3. The ions are accelerated downward in an electric field (toward the curved electric plate labelled 3).
  4. A magnetic field created by the electromagnet (outer red circle) bends the ions round in a semicircle (yellow).
  5. The ions separate out and are picked up by the electronic detector apparatus (green).

You can read more about this in the full patent description, (also listed in the references at the end).

Artwork: Mass spectrometer designed by Robert Langmuir. Diagram courtesy of US Patent and Trademark Office.

Photo: gas chromatography sample being injected

What is mass spectrometry used for?

Like chromatography, with which it's often paired, mass spectrometry is an important method for identifying the atoms or molecules in complex chemical substances. The inventor of the spectrometer, Francis Aston (1887–1945), used his machine to prove the existence of many naturally occurring isotopes (atoms of the same element with different numbers of neutrons and different mass). Mass spectrometry is also widely used in forensic science (to identify samples found at crime scenes), by materials scientists (for example, to study impurities in steel), and with radio-carbon dating to calculate the approximate age of important deposits unearthed by archaeologists.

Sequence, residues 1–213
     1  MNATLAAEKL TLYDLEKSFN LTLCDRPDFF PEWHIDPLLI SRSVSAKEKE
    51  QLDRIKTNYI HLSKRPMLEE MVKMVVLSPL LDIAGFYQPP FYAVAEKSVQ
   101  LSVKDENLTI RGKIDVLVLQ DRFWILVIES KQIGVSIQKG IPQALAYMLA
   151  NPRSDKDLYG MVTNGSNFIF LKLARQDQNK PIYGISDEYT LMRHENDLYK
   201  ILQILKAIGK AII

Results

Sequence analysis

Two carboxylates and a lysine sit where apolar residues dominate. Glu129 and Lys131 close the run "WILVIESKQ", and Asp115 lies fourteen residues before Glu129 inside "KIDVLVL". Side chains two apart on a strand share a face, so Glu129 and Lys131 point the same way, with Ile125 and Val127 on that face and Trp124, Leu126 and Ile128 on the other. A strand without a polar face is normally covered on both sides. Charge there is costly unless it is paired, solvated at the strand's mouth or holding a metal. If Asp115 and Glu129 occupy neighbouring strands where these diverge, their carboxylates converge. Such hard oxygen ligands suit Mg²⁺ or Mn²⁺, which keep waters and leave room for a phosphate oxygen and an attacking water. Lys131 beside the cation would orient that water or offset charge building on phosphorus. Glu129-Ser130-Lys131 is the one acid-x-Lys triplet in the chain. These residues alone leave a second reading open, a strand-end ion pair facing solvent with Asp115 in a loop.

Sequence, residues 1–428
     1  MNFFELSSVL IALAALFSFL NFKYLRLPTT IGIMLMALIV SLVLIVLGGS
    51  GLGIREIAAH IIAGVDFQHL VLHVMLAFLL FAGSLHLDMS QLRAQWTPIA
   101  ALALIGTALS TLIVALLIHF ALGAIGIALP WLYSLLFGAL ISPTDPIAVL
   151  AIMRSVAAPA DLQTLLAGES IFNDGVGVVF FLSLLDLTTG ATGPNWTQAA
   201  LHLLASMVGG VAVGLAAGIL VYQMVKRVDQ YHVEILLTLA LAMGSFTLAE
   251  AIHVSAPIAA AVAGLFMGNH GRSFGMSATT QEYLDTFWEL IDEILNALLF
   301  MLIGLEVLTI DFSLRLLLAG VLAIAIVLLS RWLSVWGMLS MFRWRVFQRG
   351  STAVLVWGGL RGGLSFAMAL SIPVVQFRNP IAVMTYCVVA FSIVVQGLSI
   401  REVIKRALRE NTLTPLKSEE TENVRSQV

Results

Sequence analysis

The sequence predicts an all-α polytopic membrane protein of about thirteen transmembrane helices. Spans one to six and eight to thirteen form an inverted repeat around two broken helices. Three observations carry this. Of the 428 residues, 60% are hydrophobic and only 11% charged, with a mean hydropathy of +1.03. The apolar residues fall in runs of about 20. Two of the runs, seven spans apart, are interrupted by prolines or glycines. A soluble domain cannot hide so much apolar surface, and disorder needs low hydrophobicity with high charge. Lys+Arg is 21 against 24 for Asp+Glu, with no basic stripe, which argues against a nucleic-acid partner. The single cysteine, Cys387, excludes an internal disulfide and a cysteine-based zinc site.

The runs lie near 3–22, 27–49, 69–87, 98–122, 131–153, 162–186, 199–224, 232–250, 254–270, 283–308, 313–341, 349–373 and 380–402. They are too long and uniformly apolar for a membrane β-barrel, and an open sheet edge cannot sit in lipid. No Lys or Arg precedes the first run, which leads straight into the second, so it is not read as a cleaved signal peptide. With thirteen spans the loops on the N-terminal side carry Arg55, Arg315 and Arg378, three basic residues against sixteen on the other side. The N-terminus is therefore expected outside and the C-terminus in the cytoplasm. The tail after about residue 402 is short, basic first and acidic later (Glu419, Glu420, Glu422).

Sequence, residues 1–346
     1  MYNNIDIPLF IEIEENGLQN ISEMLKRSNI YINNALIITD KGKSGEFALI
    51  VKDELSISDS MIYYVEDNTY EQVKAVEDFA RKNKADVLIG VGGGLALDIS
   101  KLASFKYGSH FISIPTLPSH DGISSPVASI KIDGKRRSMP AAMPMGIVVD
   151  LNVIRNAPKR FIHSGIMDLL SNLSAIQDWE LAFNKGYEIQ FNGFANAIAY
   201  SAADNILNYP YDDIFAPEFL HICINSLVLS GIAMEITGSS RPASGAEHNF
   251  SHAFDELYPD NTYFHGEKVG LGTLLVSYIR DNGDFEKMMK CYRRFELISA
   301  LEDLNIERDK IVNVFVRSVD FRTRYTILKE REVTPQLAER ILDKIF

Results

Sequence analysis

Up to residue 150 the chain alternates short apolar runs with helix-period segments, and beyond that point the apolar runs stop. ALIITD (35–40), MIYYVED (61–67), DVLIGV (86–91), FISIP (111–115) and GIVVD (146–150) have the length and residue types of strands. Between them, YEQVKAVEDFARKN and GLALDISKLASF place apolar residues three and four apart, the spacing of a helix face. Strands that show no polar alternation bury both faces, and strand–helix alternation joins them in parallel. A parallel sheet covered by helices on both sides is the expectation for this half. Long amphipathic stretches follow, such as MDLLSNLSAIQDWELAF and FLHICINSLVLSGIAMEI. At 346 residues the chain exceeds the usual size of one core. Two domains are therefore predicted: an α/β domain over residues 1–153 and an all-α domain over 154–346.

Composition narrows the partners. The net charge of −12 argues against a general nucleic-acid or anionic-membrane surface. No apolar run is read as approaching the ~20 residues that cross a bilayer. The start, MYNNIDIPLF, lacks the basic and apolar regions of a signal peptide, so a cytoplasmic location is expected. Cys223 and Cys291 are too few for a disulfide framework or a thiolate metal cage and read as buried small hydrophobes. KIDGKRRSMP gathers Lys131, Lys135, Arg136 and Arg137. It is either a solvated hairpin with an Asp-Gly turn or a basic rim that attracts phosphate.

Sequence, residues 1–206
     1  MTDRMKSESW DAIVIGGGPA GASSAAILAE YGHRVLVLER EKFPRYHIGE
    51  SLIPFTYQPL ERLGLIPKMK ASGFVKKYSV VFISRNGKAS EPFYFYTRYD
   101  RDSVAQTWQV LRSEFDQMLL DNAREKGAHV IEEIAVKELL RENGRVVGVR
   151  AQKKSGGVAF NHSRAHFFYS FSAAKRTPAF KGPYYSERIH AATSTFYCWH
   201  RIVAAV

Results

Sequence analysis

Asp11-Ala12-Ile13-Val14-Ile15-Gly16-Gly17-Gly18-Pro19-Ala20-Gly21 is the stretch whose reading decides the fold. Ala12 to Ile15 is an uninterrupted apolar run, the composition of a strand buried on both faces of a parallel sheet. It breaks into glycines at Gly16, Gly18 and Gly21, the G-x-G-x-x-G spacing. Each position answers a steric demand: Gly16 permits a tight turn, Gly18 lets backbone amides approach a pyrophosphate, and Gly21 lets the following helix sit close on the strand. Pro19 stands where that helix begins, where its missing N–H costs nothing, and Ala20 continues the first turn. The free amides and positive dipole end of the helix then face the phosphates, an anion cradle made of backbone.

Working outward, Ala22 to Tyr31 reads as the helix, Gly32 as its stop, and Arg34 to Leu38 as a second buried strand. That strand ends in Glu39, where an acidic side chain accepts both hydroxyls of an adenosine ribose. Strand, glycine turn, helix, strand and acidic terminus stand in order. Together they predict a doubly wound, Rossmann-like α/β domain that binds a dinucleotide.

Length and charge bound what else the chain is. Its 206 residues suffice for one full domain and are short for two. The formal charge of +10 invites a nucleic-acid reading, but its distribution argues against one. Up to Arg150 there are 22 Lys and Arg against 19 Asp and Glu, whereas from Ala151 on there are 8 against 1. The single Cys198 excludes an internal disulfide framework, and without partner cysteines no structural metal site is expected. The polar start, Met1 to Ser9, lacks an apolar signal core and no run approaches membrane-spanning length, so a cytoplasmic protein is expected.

Photo: Mass spectrometers are often used with gas chromatography machines like this. Photo by courtesy of NASA Kennedy Space Center (NASA-KSC).

Find out more

Photo: The 7-tesla fourier transform ion cyclotron resonance (FTICR) mass spectrometer.

Photo: A mass spectrometer at Pacific Northwest National Laboratory. Photo by courtesy of US Department of Energy.

On this website



This small selection covers the sorts of things mass spectrometers are used for in everyday life:


If you're looking for a detailed technical description of how mass spectrometers work, patents are a really good place to start. Here are a few I've picked out from Google Patents:

If you liked this article...

You might like my new book, Atoms Under the Floorboards: The Surprising Science Hidden in Your Home, published worldwide by Bloomsbury.

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Woodford, Chris. (2009) Mass spectrometers. Retrieved from [Accessed (Insert date here)]